Though he protests and reminds his doppleganger that they are all straight-edge punks, the van soon pulls up in front of dilapidated house near the interstate. A man carrying a large TV set and smelling of burnt rope emerges from the building. Carrillo exits the vehicle and his brother shouts at him not to worry, it will be just like that Johnny Depp movie. Inside, Jefferson has been buried up to his neck in ice cubes and Rudolfo uses a complex series of pulleys and ropes to extract him.
Just then, back in reality, the nightly hot-refueling procedures begin at KAFB and momentarily awaken Rudolfo Carrillo, who shakes his head and says out loud, I hope we got home safely.
En el segundo sueño, unknown architects have built an enormous skyscraper on the corner of Tramway and Montgomery; our author is offered a complementary tour of the facility. There is a fountain within the edifice and it is surrounded by dozens of glass elevators. Carrillo randomly chooses one and is transported to the one hundred and thirty-seventh floor. Once there, he is confronted with a group of strangers who are preparing for Halloween and are frustrated that he has been absent through the pumpkin carving portion of their holiday activities. Everything on the one hundred and thirty-seventh floor is painted in pale green and he thinks this has something to do with the passage of summer.
After having a lengthy discussion with an elderly, mustashioed man about the selfsame principles, leaves begin floating and drifting through floor 137. The old man begins crying and grasping at the leaves, just as the telephone rings in reality.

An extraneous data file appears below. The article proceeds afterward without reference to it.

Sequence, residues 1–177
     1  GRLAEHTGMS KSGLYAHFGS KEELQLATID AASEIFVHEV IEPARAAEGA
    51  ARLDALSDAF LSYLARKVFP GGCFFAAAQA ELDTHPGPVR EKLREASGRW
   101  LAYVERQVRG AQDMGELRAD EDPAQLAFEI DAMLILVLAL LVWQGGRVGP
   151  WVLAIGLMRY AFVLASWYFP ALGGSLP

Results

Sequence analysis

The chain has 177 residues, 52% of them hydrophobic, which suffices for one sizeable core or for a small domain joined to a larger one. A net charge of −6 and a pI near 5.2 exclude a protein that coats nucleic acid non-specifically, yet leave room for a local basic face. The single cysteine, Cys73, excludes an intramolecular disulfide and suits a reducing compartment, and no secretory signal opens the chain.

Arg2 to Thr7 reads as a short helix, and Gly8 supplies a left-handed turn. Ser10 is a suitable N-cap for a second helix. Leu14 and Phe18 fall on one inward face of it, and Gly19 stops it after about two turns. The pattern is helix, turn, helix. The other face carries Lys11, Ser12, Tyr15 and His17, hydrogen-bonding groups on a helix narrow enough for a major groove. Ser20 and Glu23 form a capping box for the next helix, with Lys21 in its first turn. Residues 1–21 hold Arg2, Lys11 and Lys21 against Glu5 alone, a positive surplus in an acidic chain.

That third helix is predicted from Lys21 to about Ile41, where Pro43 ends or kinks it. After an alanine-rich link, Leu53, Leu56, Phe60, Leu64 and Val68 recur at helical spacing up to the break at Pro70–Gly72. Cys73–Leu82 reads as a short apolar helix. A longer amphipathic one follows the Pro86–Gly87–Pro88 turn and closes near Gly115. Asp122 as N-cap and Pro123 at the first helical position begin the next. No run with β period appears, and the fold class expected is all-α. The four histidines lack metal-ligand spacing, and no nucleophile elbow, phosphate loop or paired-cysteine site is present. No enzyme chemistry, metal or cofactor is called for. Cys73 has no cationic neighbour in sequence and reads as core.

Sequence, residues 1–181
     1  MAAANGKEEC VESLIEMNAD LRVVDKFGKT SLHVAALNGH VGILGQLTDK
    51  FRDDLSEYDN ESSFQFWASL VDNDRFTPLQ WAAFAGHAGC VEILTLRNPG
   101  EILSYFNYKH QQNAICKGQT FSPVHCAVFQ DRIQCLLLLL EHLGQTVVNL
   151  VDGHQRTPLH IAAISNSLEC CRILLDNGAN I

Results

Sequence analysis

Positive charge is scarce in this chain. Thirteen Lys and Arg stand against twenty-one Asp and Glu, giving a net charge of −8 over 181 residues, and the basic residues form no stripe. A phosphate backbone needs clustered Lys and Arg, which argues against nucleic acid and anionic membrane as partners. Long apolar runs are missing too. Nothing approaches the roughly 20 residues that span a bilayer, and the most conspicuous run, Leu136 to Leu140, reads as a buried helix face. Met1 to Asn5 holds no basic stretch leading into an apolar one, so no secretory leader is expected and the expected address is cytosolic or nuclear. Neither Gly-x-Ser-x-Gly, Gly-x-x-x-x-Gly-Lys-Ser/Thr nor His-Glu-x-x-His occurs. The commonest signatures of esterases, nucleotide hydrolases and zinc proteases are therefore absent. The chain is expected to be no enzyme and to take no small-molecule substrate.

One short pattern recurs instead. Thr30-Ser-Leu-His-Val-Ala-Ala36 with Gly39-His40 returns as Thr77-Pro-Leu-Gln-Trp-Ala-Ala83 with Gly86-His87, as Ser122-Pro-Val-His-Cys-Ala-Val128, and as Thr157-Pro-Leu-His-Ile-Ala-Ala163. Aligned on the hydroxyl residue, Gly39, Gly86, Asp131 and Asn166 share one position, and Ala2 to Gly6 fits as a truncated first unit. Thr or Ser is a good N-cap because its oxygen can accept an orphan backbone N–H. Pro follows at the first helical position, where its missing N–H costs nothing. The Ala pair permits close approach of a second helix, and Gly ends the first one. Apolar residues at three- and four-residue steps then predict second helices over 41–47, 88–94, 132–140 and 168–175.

It is a wrong number, Carrillo cusses in Spanish at the unknown caller, then drifts off again.
En el tercero sueño, Rudolfo Carrillo finds himself going through the cafeteria line at the student union building on the campus of the University of New Mexico. He wonders what happened to the Sonic and Saggio's but then remembers that he must have gone back in time, to the late nineteen eighties. Eschewing the greasy pork sausage patties, he instead chooses two pancakes and cup of chocolate pudding, then wanders over to a table where Exene Cervenka is sitting.
She asks if he would mind running the sound board at her concert that evening; the next thing you know, the two are driving towards downtown Albuquerque in a black soviet automobile that was manufactured specifically with communist party members in mind.
Downtown Burque is, for some inexplicable reason, unpaved and rivulets of muddy water appear at every intersection the two cross. At one of the watery crossings, hundreds of oversized tadpoles frolic at the stream's edge. The punk rock singer winks at Rudolfo and leads him into a ornate apartment across the street from Maisel's Indian Jewelry. On a cupboard in the kitchen, he recognizes his Blackberry and it is buzzing like a fridge.
Picking up the telephonic communications device with his right hand, he notices a new text message. It is from his partner, Samantha Anne. All it says is this: don't forget to pick up some toilet paper on the way home.
At this point in time, the rosy fingers of dawn begin streaming through Herr Carrillo's bedroom window, causing him to rise and say to no one in particular: Man I better get on those chores.